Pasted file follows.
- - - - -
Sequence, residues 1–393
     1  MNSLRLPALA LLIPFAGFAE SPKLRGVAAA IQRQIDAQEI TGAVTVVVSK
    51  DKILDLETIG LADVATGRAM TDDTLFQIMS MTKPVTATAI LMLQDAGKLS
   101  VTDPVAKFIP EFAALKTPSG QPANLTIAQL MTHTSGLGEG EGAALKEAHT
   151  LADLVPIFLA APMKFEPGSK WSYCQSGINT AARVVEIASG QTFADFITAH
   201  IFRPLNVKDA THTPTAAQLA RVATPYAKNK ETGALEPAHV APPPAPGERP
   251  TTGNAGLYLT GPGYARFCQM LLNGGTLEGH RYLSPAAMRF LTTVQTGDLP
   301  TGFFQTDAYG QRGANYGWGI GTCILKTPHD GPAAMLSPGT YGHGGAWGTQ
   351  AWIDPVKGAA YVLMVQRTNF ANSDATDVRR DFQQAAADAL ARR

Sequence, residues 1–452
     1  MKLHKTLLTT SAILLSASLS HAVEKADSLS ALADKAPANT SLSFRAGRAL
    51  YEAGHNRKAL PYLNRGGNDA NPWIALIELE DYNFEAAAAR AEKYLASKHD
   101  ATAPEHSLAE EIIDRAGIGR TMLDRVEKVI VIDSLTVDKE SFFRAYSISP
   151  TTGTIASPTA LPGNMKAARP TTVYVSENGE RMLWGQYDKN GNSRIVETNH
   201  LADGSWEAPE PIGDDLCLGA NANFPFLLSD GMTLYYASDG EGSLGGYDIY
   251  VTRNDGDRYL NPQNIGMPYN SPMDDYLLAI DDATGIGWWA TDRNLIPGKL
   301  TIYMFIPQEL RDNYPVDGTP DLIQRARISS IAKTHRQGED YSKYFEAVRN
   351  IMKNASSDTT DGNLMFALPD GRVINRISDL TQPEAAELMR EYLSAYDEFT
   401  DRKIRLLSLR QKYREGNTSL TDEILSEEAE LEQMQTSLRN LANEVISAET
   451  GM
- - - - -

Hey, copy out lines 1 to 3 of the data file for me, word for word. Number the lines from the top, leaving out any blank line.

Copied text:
Sequence, residues 1–393
     1  MNSLRLPALA LLIPFAGFAE SPKLRGVAAA IQRQIDAQEI TGAVTVVVSK
    51  DKILDLETIG LADVATGRAM TDDTLFQIMS MTKPVTATAI LMLQDAGKLS